Share Name Share Symbol Market Type Share ISIN Share Description
Ferro-alloy Resources Limited LSE:FAR London Ordinary Share GG00BGDYDZ69 ORD NPV
  Price Change % Change Share Price Shares Traded Last Trade
  -0.30 -2.21% 13.30 93,225 16:35:00
Bid Price Offer Price High Price Low Price Open Price
13.30 13.50 13.60 13.40 13.60
Industry Sector Turnover (m) Profit (m) EPS - Basic PE Ratio Market Cap (m)
Mining 1.68 -2.88 -0.88 50
Last Trade Time Trade Type Trade Size Trade Price Currency
16:35:00 UT 2,500 13.30 GBX

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21/6/202210:39Ferro Alloy Resources - Vanadium Producer121
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Ferro-alloy Resources Daily Update: Ferro-alloy Resources Limited is listed in the Mining sector of the London Stock Exchange with ticker FAR. The last closing price for Ferro-alloy Resources was 13.60p.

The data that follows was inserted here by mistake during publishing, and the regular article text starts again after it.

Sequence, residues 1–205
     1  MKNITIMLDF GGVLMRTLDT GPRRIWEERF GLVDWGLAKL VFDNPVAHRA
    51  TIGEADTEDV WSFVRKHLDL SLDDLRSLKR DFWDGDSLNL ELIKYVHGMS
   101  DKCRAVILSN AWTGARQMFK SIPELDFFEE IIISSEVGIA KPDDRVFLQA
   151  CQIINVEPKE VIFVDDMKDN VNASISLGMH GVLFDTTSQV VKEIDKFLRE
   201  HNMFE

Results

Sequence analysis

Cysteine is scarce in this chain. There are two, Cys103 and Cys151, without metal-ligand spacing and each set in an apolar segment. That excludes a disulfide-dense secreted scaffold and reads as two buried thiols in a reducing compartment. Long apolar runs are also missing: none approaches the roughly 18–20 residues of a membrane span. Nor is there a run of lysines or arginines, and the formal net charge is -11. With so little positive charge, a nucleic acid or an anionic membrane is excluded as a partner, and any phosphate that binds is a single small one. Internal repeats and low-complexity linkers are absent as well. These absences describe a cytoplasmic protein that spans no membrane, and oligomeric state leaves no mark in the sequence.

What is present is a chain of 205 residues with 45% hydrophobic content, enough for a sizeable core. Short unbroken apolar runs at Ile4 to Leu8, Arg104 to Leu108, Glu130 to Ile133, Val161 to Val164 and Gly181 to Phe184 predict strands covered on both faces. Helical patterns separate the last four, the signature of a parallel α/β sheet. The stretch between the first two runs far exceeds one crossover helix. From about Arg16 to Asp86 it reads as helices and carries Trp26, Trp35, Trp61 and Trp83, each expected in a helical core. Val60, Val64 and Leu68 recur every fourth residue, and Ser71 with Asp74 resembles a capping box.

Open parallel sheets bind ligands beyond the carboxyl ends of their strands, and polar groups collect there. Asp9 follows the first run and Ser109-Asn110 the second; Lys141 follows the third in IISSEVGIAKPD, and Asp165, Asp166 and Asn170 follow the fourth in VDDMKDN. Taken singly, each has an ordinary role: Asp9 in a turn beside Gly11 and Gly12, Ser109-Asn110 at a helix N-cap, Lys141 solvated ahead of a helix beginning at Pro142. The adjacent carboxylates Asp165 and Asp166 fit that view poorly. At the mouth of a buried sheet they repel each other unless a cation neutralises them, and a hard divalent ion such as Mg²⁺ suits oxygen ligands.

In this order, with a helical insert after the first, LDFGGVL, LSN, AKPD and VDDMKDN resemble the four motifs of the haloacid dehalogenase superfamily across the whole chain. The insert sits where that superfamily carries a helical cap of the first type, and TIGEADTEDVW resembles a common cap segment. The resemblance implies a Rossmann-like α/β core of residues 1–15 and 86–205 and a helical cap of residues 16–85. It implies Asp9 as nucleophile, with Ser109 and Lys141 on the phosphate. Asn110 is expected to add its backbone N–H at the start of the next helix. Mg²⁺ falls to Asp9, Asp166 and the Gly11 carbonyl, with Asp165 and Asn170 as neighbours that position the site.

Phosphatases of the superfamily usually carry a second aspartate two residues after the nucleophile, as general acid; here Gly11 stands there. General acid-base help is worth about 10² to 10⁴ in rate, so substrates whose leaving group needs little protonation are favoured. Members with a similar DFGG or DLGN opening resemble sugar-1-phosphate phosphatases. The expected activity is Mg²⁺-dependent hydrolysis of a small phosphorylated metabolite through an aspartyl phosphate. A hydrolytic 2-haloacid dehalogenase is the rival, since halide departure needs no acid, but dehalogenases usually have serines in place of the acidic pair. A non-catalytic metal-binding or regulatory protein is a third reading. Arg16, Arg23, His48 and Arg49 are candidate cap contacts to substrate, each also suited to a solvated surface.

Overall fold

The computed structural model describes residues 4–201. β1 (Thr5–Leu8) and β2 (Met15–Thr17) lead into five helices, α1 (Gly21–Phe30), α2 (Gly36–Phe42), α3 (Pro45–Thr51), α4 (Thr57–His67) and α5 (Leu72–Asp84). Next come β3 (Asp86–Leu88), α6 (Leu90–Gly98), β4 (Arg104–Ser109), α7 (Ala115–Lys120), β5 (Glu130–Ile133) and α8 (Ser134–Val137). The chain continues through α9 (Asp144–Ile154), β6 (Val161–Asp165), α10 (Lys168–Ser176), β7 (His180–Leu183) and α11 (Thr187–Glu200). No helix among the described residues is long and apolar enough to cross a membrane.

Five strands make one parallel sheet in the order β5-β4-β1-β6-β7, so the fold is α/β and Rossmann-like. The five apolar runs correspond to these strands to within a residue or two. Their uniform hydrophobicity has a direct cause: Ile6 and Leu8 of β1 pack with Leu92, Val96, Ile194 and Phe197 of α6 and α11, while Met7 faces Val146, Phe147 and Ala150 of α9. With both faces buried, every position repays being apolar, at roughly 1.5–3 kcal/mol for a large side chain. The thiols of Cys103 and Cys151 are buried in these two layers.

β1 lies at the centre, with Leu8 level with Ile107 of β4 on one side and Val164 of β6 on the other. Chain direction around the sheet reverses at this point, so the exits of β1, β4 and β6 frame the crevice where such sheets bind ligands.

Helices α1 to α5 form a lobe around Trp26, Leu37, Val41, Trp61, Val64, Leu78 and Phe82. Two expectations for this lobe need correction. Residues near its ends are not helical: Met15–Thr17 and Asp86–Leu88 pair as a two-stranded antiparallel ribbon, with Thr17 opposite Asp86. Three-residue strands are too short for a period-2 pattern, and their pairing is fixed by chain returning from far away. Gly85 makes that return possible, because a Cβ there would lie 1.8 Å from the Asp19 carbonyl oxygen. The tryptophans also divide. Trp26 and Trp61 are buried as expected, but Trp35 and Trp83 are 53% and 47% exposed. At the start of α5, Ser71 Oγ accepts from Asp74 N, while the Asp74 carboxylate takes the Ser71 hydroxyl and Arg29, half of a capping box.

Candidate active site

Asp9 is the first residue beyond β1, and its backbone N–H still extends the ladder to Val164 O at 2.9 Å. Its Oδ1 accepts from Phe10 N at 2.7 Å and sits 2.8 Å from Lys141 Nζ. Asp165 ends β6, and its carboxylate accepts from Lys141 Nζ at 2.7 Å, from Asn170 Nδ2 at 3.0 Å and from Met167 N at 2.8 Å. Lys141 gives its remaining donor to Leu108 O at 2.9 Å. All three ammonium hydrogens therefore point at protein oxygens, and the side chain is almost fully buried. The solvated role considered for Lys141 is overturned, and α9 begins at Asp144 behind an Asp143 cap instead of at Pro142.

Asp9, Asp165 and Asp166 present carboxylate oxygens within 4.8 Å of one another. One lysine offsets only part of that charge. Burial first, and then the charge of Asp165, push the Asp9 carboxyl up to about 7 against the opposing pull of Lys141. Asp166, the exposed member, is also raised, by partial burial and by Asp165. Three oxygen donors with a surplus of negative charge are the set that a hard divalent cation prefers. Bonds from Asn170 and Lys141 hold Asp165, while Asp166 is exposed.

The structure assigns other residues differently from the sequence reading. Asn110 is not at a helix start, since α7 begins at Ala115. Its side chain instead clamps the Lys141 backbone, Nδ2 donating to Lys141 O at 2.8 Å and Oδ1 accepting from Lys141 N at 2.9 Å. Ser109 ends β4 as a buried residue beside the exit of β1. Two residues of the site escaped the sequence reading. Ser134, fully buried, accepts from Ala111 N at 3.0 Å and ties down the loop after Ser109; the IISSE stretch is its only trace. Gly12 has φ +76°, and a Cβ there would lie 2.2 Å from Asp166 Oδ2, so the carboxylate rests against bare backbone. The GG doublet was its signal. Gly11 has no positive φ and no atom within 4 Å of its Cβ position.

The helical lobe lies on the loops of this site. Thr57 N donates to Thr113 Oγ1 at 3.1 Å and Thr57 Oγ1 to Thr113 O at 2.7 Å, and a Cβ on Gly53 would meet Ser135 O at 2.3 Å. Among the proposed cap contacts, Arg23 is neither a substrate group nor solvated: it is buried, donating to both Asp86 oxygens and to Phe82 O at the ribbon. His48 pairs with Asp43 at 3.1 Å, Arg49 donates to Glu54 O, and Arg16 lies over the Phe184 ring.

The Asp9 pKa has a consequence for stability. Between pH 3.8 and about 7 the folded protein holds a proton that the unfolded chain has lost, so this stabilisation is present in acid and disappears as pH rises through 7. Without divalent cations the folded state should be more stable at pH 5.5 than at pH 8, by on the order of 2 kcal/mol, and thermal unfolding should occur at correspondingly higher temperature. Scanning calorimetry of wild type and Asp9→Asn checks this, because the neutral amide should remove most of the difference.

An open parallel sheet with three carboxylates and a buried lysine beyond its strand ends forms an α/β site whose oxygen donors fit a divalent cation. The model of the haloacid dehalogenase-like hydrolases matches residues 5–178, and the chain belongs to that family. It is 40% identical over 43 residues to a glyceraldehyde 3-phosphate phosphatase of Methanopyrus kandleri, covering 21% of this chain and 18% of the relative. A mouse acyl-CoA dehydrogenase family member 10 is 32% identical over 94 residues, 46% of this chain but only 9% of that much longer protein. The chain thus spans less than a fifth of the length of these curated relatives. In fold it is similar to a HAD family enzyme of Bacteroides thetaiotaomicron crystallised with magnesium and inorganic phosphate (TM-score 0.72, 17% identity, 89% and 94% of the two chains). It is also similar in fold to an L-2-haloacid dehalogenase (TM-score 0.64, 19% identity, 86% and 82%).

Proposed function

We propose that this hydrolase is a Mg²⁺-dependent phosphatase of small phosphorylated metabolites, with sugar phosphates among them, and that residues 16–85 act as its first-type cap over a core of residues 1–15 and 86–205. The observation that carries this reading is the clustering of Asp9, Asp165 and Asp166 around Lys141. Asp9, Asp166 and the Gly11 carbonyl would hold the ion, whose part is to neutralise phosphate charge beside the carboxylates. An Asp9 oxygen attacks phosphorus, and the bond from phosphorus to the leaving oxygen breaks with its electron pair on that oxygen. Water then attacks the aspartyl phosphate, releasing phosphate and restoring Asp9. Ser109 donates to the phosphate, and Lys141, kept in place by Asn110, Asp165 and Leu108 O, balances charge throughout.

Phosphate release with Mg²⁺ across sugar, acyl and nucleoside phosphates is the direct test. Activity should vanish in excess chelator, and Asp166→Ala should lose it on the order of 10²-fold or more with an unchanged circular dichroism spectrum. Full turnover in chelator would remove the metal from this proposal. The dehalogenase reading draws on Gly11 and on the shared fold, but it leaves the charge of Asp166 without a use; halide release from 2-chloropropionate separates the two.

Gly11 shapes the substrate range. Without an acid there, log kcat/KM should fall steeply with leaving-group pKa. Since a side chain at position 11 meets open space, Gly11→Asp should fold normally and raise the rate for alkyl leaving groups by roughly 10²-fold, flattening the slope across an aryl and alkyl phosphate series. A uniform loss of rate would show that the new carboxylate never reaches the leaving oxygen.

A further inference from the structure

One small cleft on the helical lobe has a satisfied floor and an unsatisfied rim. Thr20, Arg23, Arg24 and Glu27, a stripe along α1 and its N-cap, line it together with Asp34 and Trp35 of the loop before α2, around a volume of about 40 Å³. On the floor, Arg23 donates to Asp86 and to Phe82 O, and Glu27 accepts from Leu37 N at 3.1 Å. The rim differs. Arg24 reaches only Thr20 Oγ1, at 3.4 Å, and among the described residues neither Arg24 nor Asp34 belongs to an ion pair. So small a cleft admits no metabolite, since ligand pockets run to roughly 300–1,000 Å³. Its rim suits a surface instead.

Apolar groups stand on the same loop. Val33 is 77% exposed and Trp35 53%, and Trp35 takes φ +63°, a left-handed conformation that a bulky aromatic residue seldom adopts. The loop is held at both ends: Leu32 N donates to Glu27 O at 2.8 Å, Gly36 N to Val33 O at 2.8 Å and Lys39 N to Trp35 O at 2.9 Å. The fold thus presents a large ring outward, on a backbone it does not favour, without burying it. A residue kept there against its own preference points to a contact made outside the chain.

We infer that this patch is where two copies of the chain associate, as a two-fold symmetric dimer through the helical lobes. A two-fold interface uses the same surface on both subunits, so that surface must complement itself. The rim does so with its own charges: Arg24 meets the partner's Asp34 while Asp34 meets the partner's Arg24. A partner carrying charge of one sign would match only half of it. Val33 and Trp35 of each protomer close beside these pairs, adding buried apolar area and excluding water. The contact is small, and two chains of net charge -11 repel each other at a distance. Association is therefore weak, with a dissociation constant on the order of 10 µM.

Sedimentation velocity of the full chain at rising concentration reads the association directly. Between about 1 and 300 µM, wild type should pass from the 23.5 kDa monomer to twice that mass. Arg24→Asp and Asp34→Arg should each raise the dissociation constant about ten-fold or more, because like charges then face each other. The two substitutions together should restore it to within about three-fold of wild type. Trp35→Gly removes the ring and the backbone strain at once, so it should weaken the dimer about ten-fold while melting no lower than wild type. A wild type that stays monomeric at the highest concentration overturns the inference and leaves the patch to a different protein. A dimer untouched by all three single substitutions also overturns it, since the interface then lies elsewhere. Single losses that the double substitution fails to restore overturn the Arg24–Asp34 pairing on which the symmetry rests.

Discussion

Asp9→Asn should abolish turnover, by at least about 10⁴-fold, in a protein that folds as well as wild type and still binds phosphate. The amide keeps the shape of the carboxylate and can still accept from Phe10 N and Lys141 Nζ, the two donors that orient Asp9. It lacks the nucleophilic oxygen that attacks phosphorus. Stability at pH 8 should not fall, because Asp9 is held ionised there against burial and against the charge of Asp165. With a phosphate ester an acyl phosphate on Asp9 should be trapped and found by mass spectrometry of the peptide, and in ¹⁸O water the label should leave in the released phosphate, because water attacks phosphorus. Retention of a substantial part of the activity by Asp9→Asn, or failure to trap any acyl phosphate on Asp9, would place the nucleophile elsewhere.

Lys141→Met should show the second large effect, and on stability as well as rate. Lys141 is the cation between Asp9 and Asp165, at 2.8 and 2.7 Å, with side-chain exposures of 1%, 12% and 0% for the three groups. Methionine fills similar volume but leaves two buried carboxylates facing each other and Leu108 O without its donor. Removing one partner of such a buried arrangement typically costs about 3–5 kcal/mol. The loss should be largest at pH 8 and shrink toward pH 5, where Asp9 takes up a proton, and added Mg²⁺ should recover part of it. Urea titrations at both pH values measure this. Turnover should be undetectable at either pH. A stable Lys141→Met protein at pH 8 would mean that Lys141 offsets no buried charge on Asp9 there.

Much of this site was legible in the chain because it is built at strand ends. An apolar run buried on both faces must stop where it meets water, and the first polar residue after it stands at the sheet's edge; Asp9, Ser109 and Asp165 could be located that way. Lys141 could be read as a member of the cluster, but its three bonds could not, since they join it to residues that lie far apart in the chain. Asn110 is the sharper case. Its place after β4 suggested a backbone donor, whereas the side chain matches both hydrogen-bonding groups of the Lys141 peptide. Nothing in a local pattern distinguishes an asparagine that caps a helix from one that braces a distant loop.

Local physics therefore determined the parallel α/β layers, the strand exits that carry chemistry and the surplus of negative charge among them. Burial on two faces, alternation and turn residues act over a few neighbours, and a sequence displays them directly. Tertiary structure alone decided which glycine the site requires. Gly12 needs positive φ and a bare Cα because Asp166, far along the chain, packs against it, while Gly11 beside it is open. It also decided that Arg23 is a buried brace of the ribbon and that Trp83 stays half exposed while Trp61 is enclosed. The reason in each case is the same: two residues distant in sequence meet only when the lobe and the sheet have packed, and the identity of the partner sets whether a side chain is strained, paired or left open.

Ferro-alloy Resources Limited has a 4 week average price of 13.40p and a 12 week average price of 13.40p.
The 1 year high share price is 35.50p while the 1 year low share price is currently 13.40p.
There are currently 377,676,799 shares in issue and the average daily traded volume is 681,100 shares. The market capitalisation of Ferro-alloy Resources Limited is £50,231,014.27.